Pew’s recent poll, A Portrait of Jewish Americans, showcases the essential duplicity of jewish identity. The poll, conducted by Pew Research Center’s Religion & Public Life Project, puts the oldest, best example right out front. They distinguish two main types of jew: “jews by religion” and “jews of no religion”.
The term “jews of no religion” presents a problem for those who misunderstand (or want others to misunderstand) the true nature of jewishness, specifically by mistaking it as a type of theology or “faith”. The second page of the report, Sidebar: Who is a Jew?, finesses the problem with the usual double-talk:
One of the first decisions that had to be made in conducting this study and analyzing its results was to answer the question, “Who is a Jew?” This is an ancient question with no single, timeless answer. On the one hand, being Jewish is a matter of religion – the traditional, matrilineal definition of Jewish identity is founded on halakha (Jewish religious law). On the other hand, being Jewish also may be a matter of ancestry, ethnicity and cultural background.
Jewish Crypsis – Half-Jews – Part 2 goes over the issue of matrilineality and the biological nature of jewishness in more detail. Suffice it here to note that even the “religious law” is actually a matter of ancestry. So the “ancient question” does in fact have a “single, timeless answer”. Being jewish is, and always has been, a matter of ancestry. All along the jews have also pretended otherwise.
The primacy of ancestry comes through in the flowchart Pew uses to describe how they categorized poll participants. Those who “were raised jewish or have a jewish parent” but profess no “religion” are counted as jews. Those who claim no jewish parent are excluded, even if they regard themselves as jewish.
It’s not on the flowchart, but Pew also inquired about the parents of those who claimed to be “jews by religion”. They buried those numbers (and another hint of the primacy of ancestry) in a brief reference in Chapter 3: Jewish Identity:
Nearly all Jews say they had at least one Jewish parent, including 96% of Jews by religion and 97% of Jews of no religion.
All in all, 98% of Jews (and, by definition, 100% of Jews of no religion) were raised Jewish or had at least one Jewish parent; 2% of Jews had no such background but indicate they had a formal conversion to Judaism, while 1% did not formally convert.
In other words, jewishness is 96-97% a matter of ancestry.
Here are a few more of the relevant and interesting bits from that same chapter. According to jews this is what being a jew is about:
U.S. Jews see being Jewish as more a matter of ancestry, culture and values than of religious observance. Six-in-ten say, for example, that being Jewish is mainly a matter of culture or ancestry, compared with 15% who say it is mainly a matter of religion. Roughly seven-in-ten say remembering the Holocaust and leading an ethical life are essential to what it means to them to be Jewish, while far fewer say observing Jewish law is a central component of their Jewish identity. And two-thirds of Jews say that a person can be Jewish even if he or she does not believe in God.
Importance of Being Jewish
More than four-in-ten U.S. Jews (46%) say being Jewish is a very important part of their lives, and a third (34%) say being Jewish is somewhat important to them. One-fifth of Jews say that being Jewish is not too (15%) or not at all important to them (5%). Jews by religion are nearly five times more likely to say being Jewish is very important to them compared with Jews of no religion (56% vs. 12%).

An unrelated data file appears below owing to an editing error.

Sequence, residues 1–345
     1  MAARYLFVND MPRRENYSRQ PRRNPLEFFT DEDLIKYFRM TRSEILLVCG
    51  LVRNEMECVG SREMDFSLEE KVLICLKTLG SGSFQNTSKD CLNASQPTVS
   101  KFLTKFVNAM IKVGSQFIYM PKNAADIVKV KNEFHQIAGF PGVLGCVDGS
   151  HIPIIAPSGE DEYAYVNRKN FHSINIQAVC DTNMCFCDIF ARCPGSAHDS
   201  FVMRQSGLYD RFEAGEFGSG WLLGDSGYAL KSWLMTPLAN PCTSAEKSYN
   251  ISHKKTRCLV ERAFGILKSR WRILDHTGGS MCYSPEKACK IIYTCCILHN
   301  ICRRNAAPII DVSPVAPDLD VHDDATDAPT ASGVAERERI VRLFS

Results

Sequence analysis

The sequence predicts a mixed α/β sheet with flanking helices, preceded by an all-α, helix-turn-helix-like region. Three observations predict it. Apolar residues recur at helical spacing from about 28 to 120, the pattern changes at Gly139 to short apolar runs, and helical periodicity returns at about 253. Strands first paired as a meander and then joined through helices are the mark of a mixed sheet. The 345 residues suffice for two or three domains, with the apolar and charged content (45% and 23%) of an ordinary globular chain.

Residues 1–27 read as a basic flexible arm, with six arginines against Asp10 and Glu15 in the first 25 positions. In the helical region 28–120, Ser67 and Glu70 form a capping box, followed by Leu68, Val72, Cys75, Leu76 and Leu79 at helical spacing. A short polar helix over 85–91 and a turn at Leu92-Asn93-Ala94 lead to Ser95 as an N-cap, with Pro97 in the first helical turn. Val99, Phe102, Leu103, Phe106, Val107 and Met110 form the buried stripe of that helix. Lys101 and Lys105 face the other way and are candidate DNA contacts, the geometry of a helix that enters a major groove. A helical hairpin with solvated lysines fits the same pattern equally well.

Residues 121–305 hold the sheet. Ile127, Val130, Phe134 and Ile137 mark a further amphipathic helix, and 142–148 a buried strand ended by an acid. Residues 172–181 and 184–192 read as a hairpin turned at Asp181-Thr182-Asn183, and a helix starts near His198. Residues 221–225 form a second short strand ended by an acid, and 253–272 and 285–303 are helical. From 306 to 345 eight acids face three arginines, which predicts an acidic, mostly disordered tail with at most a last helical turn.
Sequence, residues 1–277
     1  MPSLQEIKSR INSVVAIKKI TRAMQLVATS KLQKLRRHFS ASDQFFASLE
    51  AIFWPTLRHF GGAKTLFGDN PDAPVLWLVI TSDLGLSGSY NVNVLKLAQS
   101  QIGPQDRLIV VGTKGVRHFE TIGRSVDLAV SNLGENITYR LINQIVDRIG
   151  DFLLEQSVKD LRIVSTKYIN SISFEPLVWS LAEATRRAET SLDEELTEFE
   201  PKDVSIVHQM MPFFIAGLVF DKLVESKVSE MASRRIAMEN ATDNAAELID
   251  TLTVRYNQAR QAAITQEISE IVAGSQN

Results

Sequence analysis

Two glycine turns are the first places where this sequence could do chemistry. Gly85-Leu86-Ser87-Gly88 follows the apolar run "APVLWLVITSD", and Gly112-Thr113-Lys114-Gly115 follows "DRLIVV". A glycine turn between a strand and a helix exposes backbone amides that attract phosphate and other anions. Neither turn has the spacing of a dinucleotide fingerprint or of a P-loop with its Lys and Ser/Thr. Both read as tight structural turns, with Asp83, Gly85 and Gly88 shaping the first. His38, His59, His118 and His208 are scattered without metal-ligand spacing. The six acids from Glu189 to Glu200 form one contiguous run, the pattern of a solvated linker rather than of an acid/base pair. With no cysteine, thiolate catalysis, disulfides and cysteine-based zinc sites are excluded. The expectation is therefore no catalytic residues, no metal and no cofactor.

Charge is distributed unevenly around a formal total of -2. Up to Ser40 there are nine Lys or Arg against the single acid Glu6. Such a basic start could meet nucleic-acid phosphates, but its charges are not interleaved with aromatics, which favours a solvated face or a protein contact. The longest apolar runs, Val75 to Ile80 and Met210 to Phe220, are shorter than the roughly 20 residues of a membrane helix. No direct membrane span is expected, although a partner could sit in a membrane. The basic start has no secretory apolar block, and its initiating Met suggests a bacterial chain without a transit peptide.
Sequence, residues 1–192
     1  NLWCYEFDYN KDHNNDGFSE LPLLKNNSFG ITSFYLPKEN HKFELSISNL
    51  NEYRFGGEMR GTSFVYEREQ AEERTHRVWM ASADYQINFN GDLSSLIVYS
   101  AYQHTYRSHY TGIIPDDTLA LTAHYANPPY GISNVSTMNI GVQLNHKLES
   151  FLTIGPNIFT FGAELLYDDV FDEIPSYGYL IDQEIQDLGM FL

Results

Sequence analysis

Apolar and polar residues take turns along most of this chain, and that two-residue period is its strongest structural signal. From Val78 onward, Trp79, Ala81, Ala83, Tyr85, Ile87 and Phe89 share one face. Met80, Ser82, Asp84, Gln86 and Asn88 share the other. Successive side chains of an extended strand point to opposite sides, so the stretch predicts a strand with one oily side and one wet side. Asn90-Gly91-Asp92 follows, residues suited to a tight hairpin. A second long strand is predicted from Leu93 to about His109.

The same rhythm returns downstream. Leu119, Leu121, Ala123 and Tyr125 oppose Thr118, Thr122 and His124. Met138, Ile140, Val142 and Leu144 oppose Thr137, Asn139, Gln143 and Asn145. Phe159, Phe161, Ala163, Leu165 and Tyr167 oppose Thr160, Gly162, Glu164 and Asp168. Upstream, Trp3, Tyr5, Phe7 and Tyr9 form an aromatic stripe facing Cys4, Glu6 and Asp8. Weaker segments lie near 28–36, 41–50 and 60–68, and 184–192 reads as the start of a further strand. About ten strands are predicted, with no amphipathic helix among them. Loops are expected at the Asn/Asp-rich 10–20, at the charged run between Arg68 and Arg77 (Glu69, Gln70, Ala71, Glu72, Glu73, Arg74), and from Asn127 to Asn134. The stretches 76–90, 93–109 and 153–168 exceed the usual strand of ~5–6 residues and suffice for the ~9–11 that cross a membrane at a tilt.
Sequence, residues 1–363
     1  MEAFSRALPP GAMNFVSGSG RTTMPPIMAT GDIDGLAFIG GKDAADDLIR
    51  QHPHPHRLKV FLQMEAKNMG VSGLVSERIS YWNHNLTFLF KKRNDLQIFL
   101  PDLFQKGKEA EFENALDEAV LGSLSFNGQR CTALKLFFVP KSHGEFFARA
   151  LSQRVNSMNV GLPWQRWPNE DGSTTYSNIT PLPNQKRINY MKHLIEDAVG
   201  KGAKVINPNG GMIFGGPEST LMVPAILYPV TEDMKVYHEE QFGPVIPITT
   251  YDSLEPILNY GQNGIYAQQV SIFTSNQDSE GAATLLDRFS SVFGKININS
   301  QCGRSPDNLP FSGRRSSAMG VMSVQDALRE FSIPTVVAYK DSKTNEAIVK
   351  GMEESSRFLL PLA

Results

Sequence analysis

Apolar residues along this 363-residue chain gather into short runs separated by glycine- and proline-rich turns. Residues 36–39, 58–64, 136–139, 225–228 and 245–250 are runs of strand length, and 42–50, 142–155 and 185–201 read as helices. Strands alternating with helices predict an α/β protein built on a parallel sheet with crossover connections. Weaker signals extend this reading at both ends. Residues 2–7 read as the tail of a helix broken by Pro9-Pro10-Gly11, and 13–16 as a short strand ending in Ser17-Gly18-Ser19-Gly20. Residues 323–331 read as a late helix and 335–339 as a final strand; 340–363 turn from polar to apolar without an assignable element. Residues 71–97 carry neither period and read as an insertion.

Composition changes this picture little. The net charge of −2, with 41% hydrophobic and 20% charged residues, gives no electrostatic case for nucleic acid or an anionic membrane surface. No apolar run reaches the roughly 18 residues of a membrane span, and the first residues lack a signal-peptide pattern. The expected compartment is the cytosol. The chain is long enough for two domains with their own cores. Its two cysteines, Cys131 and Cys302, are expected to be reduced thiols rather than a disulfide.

Nearly nine-in-ten Orthodox Jews (87%) and two-thirds of Conservative Jews (69%) describe being Jewish as very important in their lives. Far fewer self-identified Reform Jews say being Jewish is very important to them (43%). Among Jews who are unaffiliated with any particular Jewish movement or denomination, just one-in-five say being Jewish is very important to them (22%).
Pride, Connectedness and Responsibility
More than nine-in-ten Jews (94%) agree they are “proud to be Jewish.” Three-quarters (75%) say they have a strong sense of belonging to the Jewish people, and about six-in-ten (63%) say they have a special responsibility to care for Jews in need around the world.
Overwhelming majorities of both Jews by religion and Jews of no religion say they are proud to be Jewish (97% and 83%, respectively). Most Jews by religion also say they have a strong sense of belonging to the Jewish people (85%) and that they feel a responsibility to care for Jews in need (71%). Far fewer Jews of no religion share these sentiments.
What Does it Mean to be Jewish?
. . .
The survey asked Jews whether each of nine attributes and activities is essential to what being Jewish means to them, is important but not essential, or is not an important part of what it means to be Jewish. In response, roughly seven-in-ten U.S. Jews (73%) say remembering the Holocaust is an essential part of what being Jewish means to them.
From this it’s clear that jewishness is more about peoplehood than religion, more biological than ideological. In fact the ideological portion is just another facet of the biological portion. In spite of their many profound ideological differences, the core beliefs that jews share most religiously have to do with seeing themselves as part of and concerned for the well-being of their people, a biological collective.
Theologically speaking, note that the jewish collective sees God as unnecessary but regards their guilt-tripping and extortion narrative as essential.